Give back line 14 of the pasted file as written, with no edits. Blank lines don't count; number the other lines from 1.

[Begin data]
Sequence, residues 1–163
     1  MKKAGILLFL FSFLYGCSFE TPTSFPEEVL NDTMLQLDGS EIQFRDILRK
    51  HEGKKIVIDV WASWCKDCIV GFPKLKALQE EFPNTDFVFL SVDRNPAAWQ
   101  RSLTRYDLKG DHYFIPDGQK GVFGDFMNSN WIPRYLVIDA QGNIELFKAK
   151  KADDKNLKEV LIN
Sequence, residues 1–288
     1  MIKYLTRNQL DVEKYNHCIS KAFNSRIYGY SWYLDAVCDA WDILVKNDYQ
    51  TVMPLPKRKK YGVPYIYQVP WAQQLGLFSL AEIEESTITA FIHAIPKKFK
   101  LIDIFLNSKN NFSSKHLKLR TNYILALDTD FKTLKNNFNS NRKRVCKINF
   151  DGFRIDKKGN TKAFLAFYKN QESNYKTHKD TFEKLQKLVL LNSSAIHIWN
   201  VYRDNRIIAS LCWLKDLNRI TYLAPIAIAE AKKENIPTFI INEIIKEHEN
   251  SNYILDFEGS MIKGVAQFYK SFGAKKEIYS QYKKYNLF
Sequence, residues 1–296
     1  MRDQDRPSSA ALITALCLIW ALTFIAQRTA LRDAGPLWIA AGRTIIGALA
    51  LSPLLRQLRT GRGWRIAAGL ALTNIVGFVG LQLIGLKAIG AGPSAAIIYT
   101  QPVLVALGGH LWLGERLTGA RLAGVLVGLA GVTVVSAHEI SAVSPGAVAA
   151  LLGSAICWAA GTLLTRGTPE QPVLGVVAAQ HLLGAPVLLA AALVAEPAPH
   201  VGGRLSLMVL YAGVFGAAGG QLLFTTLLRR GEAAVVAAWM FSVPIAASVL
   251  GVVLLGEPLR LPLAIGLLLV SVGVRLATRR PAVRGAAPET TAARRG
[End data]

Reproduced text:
     1  MRDQDRPSSA ALITALCLIW ALTFIAQRTA LRDAGPLWIA AGRTIIGALA